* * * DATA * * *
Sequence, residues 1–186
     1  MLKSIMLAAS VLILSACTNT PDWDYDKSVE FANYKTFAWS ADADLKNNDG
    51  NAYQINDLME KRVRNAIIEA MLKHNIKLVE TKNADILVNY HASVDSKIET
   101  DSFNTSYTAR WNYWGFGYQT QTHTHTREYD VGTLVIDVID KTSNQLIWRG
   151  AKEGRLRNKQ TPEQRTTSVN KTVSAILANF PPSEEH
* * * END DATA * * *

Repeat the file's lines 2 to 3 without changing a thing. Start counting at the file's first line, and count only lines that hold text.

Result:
     1  MLKSIMLAAS VLILSACTNT PDWDYDKSVE FANYKTFAWS ADADLKNNDG
    51  NAYQINDLME KRVRNAIIEA MLKHNIKLVE TKNADILVNY HASVDSKIET